Понятие «банкротство» в координатах правовой лингвистики: русско-англо-французские аппроксимации
«Bankruptcy» Concept Within the Legal Linguistics Coordinates: Russian–English–French Approximations
The article addresses the notion of bankruptcy as perceived by speakers of current Russian, English and French languages both lawyers and participants in professional communication from other trades. Semantic structure of the term is identified based on its lexicographic and regulatory definitions.
In this article we report some new experiments in the area of words clustering for the Russian language. We introduce a new clustering method that distributes words into classes according to their syntactic relations. We used a large untagged corpus (about 7,2 bln of words) to collect a set of such relations. The corpus was processed using a set of finite state automata that extracts syntactically dependent combinations having explicit structure. These automata were used to process only unambiguous text fragments because of combination of these techniques increases the quality of sampled input data. The modification of group average agglomerative clustering was used to separate words between clusters. The sampled set of clusters was tested using one of the semantic dictionaries of the Russian language. The NMI score calculated in this article is equal to 0.457 and F1-score is 0.607.
Abstracts for report Anton Didikin at Lisbon Congress
The brochure presents the curriculum for third- and fourth-year students of Higher School of Economics, studying English as a second language at the Department of World Economy and International Affairs.
Abstracts of International Legal Philosophy Congress in Lisbon 2017
The report features the experience of mastering the norms of political correctness in the English language by HSE students by means of creative assignments.
The article reviews legal communication across the contemporary linguistic areal of the English language, including such variants as Euro-English. Legal terminology is exemplified to show co-existing legal expert communities’ preferences and tendencies in parallel nomination. So doing allows for capturing British, American and Euro-English legal traditions echoed by respective naming traditions manifested through terminological wording parallels.
Pleonastic Constructions In English Legal Texts
Quite a number of English legal texts, featuring largely contract law, provide linguistic evidence of both terminology, and/or commonly used vocabulary, with semantically identical or related meaning used at a time within the same text sequences. Such constructions appear challenging for taxonomic classification by linguists and lawyers alike. An analysis of examples allows for attributing such usage samples to pleonastic constructions typical for the legal language.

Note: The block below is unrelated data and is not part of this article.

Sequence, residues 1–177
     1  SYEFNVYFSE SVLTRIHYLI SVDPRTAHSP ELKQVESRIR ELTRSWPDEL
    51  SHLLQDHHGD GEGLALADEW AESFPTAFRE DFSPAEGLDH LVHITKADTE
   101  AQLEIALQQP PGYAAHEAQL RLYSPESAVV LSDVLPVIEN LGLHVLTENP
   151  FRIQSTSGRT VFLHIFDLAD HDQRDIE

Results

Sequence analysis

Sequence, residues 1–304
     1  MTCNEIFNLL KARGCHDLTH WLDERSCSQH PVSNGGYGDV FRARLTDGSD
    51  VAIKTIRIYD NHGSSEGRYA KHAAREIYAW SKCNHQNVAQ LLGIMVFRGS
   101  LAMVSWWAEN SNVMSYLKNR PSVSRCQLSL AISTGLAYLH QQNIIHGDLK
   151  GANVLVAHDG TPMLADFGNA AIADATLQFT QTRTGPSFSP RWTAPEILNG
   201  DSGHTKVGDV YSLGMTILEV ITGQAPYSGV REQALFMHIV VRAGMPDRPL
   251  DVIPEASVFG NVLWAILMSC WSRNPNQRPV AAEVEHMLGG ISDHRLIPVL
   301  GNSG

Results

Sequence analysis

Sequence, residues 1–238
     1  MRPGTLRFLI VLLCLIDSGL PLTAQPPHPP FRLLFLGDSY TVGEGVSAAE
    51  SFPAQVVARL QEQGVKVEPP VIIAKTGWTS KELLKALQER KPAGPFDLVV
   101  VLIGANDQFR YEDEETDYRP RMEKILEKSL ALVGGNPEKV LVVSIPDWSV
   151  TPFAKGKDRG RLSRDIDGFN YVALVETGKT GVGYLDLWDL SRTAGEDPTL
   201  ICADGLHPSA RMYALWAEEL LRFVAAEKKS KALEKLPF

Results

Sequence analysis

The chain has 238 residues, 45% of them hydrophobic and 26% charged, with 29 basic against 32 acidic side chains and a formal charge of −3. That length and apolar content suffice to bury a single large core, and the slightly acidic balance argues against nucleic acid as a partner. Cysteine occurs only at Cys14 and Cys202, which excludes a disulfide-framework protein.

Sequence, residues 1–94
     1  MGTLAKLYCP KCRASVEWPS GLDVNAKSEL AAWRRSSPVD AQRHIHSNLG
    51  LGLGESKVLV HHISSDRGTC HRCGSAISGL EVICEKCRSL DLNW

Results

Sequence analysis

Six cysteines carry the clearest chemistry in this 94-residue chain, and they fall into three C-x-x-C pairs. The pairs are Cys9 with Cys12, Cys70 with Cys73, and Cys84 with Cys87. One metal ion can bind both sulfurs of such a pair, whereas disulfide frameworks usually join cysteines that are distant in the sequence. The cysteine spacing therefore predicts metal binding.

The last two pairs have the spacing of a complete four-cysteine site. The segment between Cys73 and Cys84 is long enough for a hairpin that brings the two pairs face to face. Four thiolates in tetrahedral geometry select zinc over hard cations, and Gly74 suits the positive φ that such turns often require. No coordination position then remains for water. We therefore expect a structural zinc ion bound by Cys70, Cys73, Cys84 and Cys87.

The article examines the formation of monologue speech and the infl uence of linguistic laws of incorporation and contamination on this process. It contains analysis of the semantic structure of monologue carried out on the basis of key words and nuclear tones of theme centres and their prosodic depiction. The analysis was performed on spontaneous monologues. The results of the acoustic analysis and statistics data were obtained through the computer programme Speech Analyzer
The results of cross-cultural research of implicit theories of innovativeness among students and teachers, representatives of three ethnocultural groups: Russians, the people of the North Caucasus (Chechens and Ingushs) and Tuvinians (N=804) are presented. Intergroup differences in implicit theories of innovativeness are revealed: the ‘individual’ theories of innovativeness prevail among Russians and among the students, the ‘social’ theories of innovativeness are more expressed among respondents from the North Caucasus, Tuva and among the teachers. Using the structural equations modeling the universal model of values impact on implicit theories of innovativeness and attitudes towards innovations is constructed. Values of the Openness to changes and individual theories of innovativeness promote the positive relation to innovations. Results of research have shown that implicit theories of innovativeness differ in different cultures, and values make different impact on the attitudes towards innovations and innovative experience in different cultures.